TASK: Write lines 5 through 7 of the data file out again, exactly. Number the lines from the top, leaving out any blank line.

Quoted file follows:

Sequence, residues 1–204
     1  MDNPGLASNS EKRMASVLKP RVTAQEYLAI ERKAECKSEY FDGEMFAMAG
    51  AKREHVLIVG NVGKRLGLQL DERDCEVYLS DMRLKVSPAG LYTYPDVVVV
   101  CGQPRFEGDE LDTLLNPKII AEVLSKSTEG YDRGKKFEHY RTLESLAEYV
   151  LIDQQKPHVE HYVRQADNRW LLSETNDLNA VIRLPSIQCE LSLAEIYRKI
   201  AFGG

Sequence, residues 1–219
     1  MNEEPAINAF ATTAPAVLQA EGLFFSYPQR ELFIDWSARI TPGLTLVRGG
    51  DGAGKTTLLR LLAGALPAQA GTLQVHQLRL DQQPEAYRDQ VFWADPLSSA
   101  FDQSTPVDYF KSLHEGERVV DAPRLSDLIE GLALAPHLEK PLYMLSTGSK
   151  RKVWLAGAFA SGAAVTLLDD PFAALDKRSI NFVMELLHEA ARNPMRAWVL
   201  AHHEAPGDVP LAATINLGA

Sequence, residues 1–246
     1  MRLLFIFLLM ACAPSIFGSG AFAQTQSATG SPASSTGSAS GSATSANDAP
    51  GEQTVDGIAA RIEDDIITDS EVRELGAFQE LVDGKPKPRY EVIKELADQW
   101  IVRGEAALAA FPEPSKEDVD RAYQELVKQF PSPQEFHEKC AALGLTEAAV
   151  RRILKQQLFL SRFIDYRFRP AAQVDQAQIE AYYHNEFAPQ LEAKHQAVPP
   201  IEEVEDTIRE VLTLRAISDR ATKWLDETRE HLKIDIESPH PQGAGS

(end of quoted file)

   151  LIDQQKPHVE HYVRQADNRW LLSETNDLNA VIRLPSIQCE LSLAEIYRKI
   201  AFGG

Sequence, residues 1–219